1. 150 years if you use the 1850s end point for the LIA, but I can show you data that suggest it tailed off in the 1940s in southwestern North America.

                If by probably partially, so you mean “the data come from urban heat islands,” then yes. Really? No. Solar cycles and volcanic activity are much, much bigger drivers than any human activity thus far. (But someone could probably come up with a “cure” for global warming that makes life much, much worse.)

  3. Mr. Sawyer seems put out that A) the SFWA is completely useless to him and B) let a bunch of self-pub authors join and bring their fans with them.

    Mr. Sawyer seems confused, as many Canadian Liberals often do. I see this all the time. Middle class and even upper class people complaining about their taxes with one breath, and with the next wanting to know what freebies the government is going to throw their way. (I saw this one time at the county fair in conversation with the Conservative member of parliament and a surgeon. Taxes, then freebies. I had to pick my jaw up off the grass. The MP seemed used to it. He told me everybody was like that, and I was the weirdo. But diplomatically.)

    Mr. Sawyer seems an exemplar of that superbly Canadian individual, the Stupid Smart Person. In his field, a genius. Outside it an -idiot- but still thinking himself a genius.

    Get #reKt, Mr. Sawyer.

    1. Inside of a field, there can be feedback reinforcing the idea that one is smart inside of it. But if you aren’t using a field, and we are stupid in other fields partly because we do not use them, it does not become obvious if you are stupid in it or not. Because very little feedback that we can’t ignore. It is harder to ignore turning everything one touches in one’s job into a steaming mess. People still do that too.

      Testing out smart on paper has nothing to do with having the emotional capability to admit that one does not have the Midas touch, and one’s shit does not smell like roses.

      Anyway, it is a very normal sort of naive everywhere.

      Might even describe me, and I am very much inclined to deny that any Canadian ancestry I may have makes me a Canadian.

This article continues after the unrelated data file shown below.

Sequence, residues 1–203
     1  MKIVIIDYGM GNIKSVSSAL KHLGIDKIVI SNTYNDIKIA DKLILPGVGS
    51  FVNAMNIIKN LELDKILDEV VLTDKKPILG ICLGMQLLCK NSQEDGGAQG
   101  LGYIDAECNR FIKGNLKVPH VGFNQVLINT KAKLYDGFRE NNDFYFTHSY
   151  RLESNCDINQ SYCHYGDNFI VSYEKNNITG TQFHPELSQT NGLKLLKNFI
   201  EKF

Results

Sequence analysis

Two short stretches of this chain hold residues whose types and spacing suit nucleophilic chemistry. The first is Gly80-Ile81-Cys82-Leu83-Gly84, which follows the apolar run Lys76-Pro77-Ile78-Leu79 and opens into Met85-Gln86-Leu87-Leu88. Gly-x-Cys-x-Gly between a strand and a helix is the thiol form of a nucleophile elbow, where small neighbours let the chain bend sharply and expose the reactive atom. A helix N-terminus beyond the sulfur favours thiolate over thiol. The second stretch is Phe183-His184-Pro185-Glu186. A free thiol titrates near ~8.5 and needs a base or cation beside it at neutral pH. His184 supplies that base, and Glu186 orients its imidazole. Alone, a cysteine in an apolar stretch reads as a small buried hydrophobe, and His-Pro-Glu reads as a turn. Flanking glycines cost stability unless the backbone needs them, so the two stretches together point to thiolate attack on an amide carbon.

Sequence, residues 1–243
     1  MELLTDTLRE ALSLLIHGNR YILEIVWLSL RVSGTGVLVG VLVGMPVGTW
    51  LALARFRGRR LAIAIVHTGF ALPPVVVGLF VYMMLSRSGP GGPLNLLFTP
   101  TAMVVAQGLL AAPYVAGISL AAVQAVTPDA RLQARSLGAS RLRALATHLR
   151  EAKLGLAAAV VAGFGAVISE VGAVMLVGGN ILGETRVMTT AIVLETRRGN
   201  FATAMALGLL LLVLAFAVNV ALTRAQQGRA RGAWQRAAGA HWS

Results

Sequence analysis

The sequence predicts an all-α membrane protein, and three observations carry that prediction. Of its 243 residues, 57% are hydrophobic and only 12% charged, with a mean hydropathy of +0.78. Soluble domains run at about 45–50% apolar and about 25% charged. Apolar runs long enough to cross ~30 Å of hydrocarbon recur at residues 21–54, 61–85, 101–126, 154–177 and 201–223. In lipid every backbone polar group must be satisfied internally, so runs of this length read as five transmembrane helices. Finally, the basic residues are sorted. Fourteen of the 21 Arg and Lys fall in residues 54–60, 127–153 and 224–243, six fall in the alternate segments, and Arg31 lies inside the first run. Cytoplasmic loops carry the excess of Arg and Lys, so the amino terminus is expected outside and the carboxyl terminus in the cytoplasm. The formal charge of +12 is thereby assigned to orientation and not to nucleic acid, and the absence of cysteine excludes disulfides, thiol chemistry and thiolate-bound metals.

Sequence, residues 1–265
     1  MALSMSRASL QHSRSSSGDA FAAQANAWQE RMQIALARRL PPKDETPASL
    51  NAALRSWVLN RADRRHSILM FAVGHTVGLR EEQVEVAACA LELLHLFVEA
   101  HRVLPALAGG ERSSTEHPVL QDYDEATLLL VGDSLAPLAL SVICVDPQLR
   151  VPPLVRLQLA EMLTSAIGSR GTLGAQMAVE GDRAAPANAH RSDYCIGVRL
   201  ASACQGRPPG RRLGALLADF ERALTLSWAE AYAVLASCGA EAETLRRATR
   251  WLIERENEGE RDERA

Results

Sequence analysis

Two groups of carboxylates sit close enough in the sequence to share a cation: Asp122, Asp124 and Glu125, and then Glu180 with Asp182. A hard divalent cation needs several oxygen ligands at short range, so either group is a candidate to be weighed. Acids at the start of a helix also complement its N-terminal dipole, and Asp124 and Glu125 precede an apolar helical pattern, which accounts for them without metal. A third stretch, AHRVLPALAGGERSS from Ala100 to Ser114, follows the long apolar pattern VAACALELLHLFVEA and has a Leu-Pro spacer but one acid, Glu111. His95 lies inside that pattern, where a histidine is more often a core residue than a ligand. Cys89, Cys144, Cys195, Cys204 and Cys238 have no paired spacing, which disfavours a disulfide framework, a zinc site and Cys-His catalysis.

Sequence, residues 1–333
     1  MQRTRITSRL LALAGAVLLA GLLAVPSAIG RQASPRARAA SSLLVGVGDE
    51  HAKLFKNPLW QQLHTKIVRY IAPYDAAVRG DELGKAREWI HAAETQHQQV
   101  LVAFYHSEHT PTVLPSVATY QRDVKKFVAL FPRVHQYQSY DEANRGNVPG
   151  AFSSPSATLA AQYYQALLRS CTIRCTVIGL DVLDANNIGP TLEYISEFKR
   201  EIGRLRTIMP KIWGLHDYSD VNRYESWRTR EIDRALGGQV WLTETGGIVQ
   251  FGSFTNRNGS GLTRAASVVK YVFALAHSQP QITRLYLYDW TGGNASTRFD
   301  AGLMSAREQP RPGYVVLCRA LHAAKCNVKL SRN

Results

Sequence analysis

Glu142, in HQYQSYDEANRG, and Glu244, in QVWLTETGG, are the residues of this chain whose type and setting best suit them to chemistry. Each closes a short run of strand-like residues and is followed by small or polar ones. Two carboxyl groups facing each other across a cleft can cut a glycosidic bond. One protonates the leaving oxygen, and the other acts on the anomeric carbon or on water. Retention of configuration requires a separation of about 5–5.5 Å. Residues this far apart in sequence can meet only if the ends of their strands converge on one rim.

2. And then he complains on his patreon page:

      “But I haven’t sought a publishing contract for this new novel. Why? Well, although the big-five New York publishers are all reporting record profits, it’s just about the worst it’s ever been economically for traditionally published authors like me. Unable to squeeze more money out of Amazon, publishers are squeezing their authors instead.”

      Gee, I wonder how *that* happened.

      1. I guess it doesn’t occur to Mr. Sawyer that it isn’t very difficult for a lot of authors to write to a checklist. They line up for the opportunity to get a prestige contract with TOR that pays them a buck fifty a year.

  4. There was a time when I dreamed of being a member of SFWA. That horse has not only left the barn but died of exposure in the desert.

      1. I joined because I thought I could learn from my peers – ‘Fred is terrible editor, he hates the oxford comma” ‘watch out for this new clause in the Bloggs books contracts’ or ‘there’s a new editor Smiths, Fred Jones. He loves early Heinlein.’ and that as a group we might be able to at least be aware (if not fight) the pitfalls of publishing. I was a working writer who wanted to make a living. Membership was in no way a status thing for me. When I realized what an utter waste of time and effort it was, with no chance of reform, and nothing of value to a working writer, I left.

        1. I kept it for ten years ONLY because it gave me an address list, if I needed to invite someone for an anthology, or to contact a peer and ask a question. Then we got the internet and I dropped it.
          Yeah, there was never that peer to peer help. I don’t know if it’s even possible. Indies seem to be doing it, but the trad system was designed to set writer against writer. It was like the system set up by Louis XVI in Versailles, to keep noblemen powerless and quiescent.
          Now I think about it, exactly like, including demanding costly not to mention demeaning dancing of attendance on the capital. In this case NYC.

      1. “Every organization not explicitly right wing sooner or later becomes left-wing.” — Robert Conquest.

        There are reasons for that — and for why an organization of any sort, regardless of its founders’ intentions for it, once colonized by the Left turns into a politics-uber-alles hellhole.

  5. I think Mr. Sawyer has identified one of the primary problems with the SFWA without realizing it: the primary reason to belong to the SFWA is to say that you do, the whole “people love to join for the bragging rights just as soon as they qualify.” It sounds like the group is more of a fraternity than a professional organization, a sort of Phi Beta Kappa or Sigma Xi for sci-fi writers. Once you’re in, you’re one of the cool kids, and if you keep paying your dues in order to stay one of the cool kids, why would those in charge be particularly concerned about lobbying Tor or Orbit for better pay and benefits for the writers?

    It seems to me that if the SFWA members want to make it a professional organization, they need to do two things: